Thomson Reuters is commemorating 150 years of customer partnership and innovation to honor the 1872 founding of John B. West Publisher and Book Seller. West’s innovative spirit lives on in Westlaw – a product that still carries his name – and in the AI-driven products and legal research technology tools used by legal professionals worldwide.

Our Legal Current series features voices across Thomson Reuters sharing how West’s legacy of customer partnership and innovation endures today. We hear today from Jon Meyer, director of Reference Attorneys, Operations Customer Service & Support, who has worked at Thomson Reuters for 16 years.

“The modern era of our support”

Meyer’s most memorable moments include the 2010 launch of WestlawNext.

“It was impactful because of the move to global search and a more powerful plain-language algorithm,” he said. “And the reason it stands out was it was the beginning of what I would call the modern era of our support. Almost overnight, the questions that we received became more sophisticated.”

Meyer noted AI helped with customers’ “easier-to-answer questions.”

“But as we were working with customers with WestlawNext, the inquiries became more complex,” he explained. “We needed a heightened degree of knowledge for both the product and the legal background. WestlawNext was a key shift, and everything else on top of that has been a welcome advancement.”

Prioritizing customer collaboration 

As head of the Reference Attorney group, Meyer sees West’s legacy of customer partnership play out daily.

“We help our customers shape the law of tomorrow with and in the work that we do,” he said. “That is directly in line with John B. West’s aims all those years ago; the legacy that he set up plays out every day. We’re helping customers with the questions that they have. We’re educating customers on the products so that they can better utilize them and see the value they get.”

Meyer’s team members also share what they hear from customers across Thomson Reuters.

“We promote the voice of the customer and make sure that we’re listening to customers so that we can continue to see products evolve and their experiences improve,” he said. “We constantly hear what customers like, what presents challenges for them, and how we can make things better. Sharing it helps Thomson Reuters focus on continuing to be a customer-driven organization.”

“The collaboration that we have in our role is critical,” Meyer added. “It’s true whether you’re talking about product development or a reference attorney contact. We see it every day in the latter, where it’s really important for us to listen to customers and understand what their needs are, and to create experiences that resonate with them. If we get it right, we can build trust and stronger relationships with customers to become an even more integral and invaluable part of the way that they work. Ultimately that benefits the entire market.”

Efficient, dynamic, and simple

Meyer characterized the evolution of the legal space during his tenure as “efficient, dynamic, and simple.”

“Working efficiently and using our time wisely is important, and that’s especially true of attorneys,” Meyer said. “They’ve got a lot on their plate and several things they have to move through each day, so being efficient in all parts of their practice is important. And if they do it well, being efficient ultimately allows them to compete better in the legal world – and that’s what they care about most.”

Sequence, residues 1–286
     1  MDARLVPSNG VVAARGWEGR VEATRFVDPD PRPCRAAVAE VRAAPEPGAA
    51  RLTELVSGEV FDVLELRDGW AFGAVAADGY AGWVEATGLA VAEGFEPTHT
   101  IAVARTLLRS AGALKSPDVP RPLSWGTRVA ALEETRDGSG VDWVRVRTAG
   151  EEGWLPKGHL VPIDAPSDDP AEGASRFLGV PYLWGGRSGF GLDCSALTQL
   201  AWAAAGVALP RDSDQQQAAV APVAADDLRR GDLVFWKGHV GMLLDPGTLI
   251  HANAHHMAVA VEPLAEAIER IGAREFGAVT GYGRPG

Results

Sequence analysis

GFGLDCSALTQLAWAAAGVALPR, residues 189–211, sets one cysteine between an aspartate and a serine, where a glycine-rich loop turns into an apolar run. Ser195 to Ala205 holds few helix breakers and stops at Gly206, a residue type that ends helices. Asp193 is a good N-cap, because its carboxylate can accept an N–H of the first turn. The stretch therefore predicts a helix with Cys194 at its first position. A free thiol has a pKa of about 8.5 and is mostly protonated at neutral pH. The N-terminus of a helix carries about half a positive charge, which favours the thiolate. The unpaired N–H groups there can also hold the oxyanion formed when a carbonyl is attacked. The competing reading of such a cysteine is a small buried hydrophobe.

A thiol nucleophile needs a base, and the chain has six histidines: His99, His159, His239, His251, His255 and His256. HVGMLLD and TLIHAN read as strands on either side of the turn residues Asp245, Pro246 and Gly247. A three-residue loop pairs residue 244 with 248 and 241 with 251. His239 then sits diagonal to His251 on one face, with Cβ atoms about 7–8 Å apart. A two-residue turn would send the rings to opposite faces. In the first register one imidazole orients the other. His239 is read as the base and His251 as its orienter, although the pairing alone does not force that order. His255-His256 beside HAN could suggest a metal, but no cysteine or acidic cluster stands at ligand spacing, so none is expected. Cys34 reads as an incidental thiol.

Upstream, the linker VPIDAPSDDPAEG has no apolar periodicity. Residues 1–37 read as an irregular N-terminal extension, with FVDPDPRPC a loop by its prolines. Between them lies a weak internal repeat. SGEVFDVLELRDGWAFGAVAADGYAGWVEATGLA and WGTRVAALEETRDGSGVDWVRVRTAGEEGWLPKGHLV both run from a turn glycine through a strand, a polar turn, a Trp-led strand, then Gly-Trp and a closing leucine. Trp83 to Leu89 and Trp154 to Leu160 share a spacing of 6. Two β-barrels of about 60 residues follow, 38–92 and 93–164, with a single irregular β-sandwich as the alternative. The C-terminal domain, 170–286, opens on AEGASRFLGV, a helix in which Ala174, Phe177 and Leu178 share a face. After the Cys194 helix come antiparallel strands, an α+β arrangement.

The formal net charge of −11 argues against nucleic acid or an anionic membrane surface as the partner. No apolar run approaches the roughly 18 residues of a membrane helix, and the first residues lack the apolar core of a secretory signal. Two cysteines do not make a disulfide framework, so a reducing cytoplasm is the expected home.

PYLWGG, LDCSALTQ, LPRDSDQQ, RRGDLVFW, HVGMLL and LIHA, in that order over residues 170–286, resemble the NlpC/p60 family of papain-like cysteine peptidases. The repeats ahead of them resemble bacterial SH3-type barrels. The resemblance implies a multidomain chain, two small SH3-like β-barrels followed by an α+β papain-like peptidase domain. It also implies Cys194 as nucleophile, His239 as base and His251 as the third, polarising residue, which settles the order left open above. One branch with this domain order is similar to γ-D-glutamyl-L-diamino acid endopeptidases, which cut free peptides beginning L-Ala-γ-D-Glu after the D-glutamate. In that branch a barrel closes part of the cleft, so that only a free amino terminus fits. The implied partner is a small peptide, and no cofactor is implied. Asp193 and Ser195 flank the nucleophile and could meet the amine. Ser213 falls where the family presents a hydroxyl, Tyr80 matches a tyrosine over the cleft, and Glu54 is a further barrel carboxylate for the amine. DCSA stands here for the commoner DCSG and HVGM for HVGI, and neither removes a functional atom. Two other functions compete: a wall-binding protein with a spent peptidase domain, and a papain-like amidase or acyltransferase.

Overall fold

He noted how the pandemic has shaped the legal industry’s reputation as slow to adopt technology.

“I think that was true,” Meyer said. “But spurred on by the pandemic, we are certainly seeing attorneys embracing technologies faster. And in doing so, they’re realizing, ‘hey, I can actually do this, and it can make my practice better.’ If attorneys are more open to that as a way to operate, it creates some cool opportunities to meet those new and evolving needs with the work that Thomson Reuters does.”

He said another factor shaping legal professionals’ adoption of technology is their use of technology as consumers in their personal lives – and expectations for simplicity, ease of use, and fast resolution of any issues that arise.

“As those experiences continue to evolve in their consumer life, they’re going to have an expectation that Thomson Reuters is doing it on the professional side,” Meyer said. “It puts a greater impetus on us to remove complexity in the way that we work because it will help us stand out as partners rather than an entity that doesn’t remove those challenges.”

From a customer-service perspective, Meyer predicts the next big thing will involve better surfacing of data “between the lines.”

“We have seen this with litigation analytics, where we are surfacing information that is not clear on its face,” Meyer explained. “As analytics in general grows and informs the decisions we make in almost every part of our lives, attorneys will have that same expectation for their work. With that data that can exist between the lines, there’s a real tactical advantage that that can be gained, where attorneys can make better and more informed choices that will help them be successful. Thomson Reuters can be that dynamic partner that shows customers what’s possible and what exists in a world that otherwise they wouldn’t see – pulling it together with the massive amount of data and content that we have.”

Read more perspectives on the Thomson Reuters legacy and watch Legal Current for additional stories in the coming weeks.

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